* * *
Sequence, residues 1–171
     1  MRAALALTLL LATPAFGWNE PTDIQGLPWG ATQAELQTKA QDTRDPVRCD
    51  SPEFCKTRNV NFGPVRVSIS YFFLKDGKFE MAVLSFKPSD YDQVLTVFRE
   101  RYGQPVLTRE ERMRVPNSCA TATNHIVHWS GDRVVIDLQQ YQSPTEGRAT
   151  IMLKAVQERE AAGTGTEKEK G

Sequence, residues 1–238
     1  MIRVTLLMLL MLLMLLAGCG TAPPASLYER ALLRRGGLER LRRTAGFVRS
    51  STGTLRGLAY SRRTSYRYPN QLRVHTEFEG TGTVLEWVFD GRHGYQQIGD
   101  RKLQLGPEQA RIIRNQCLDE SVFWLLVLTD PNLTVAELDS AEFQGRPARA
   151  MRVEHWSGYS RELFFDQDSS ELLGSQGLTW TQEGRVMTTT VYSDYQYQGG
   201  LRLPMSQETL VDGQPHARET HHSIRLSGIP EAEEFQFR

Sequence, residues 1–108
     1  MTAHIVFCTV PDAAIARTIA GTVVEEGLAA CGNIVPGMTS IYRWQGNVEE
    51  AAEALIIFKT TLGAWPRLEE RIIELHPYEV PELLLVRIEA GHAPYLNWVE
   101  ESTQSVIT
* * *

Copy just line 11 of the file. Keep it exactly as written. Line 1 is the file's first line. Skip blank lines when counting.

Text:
   201  LRLPMSQETL VDGQPHARET HHSIRLSGIP EAEEFQFR